Thursday, November 4, 2010

Upward Pressure Mounts on Transportation Resources

As previously reported here, signs continue to point to a squeeze on transportation platforms, with increased demand chasing capacity that was significantly reduced during the downturn.


Rotterdam, Europe’s busiest port, is facing “serious operational problems,” overwhelmed by surging container imports from China. Other major north European ports also risk congestion during the summer because of what Maersk Line, the world's biggest carrier, describes as an "unprecedented" surge in traffic in most trade lanes.

According to Alphaliner, the Paris-based shipping analyst, idled ocean capacity is down to two percent from a record of 11.7 percent in late 2009. With cargo hulls at virtually full capacity, container ship deliveries are set to hit a new high in July.

And in a sign that all players are looking for a bigger slice of the newly expanding pie, the Port of Montreal was shut down for a week in a lockout, after union longshoremen refused to work overtime. The Montreal Port Authority reported the first six months of 2010 brought “a vigorous recovery in most types of bulk cargo.”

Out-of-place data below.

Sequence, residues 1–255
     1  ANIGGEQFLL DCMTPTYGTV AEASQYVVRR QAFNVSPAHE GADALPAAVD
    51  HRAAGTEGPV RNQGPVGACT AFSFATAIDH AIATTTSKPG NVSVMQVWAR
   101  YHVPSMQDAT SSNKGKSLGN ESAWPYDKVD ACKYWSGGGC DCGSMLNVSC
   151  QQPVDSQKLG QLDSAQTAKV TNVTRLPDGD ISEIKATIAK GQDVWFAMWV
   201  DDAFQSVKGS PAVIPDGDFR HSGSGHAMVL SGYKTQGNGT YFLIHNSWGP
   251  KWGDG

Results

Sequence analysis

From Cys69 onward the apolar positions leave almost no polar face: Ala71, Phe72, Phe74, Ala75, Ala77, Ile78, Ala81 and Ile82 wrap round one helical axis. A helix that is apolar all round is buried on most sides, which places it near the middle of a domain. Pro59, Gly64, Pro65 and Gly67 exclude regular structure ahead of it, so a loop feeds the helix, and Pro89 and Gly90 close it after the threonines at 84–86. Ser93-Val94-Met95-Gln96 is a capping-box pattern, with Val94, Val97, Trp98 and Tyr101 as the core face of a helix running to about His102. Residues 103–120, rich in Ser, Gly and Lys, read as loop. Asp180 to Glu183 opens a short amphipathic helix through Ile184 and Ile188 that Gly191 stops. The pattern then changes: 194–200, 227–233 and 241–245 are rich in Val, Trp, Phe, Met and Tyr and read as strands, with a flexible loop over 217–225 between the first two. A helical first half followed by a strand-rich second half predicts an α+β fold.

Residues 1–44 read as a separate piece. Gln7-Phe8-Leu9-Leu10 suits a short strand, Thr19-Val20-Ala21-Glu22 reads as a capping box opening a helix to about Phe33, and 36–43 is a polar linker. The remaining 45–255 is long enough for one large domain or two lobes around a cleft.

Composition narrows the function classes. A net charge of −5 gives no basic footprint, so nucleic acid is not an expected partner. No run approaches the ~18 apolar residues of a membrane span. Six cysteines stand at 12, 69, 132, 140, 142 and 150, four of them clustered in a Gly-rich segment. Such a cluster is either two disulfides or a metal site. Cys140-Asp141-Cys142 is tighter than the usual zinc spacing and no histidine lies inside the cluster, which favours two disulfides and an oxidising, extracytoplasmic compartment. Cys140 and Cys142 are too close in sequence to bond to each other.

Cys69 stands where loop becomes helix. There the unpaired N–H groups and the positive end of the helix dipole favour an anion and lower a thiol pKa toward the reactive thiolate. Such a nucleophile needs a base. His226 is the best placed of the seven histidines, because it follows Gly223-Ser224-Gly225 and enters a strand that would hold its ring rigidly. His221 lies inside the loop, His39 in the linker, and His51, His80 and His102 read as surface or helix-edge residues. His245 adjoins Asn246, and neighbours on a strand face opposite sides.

In the air, cargo revenue jumped 33 percent for the three largest US airlines, reported the Journal of Commerce, with United’s belly freight up 57 percent to $190 million versus the same quarter last year. Scott Davis, head of UPS, said the “ocean squeeze” is pushing shippers to shift cargo to air freight.



On land, carrier USA Truck returned to profitability after five quarters of losses, amid what president and CEO Clifton Beckham called a “considerable shortage of capacity.” Like many truckers, they are going on an equipment-buying spree, driving heavy truck orders up 95 percent from a year earlier, according to commercial vehicle specialist ACT Research.



For shippers, all this points to a need to get your logistics ducks in a row, if you want those ducks delivered in a timely, cost-efficient manner.

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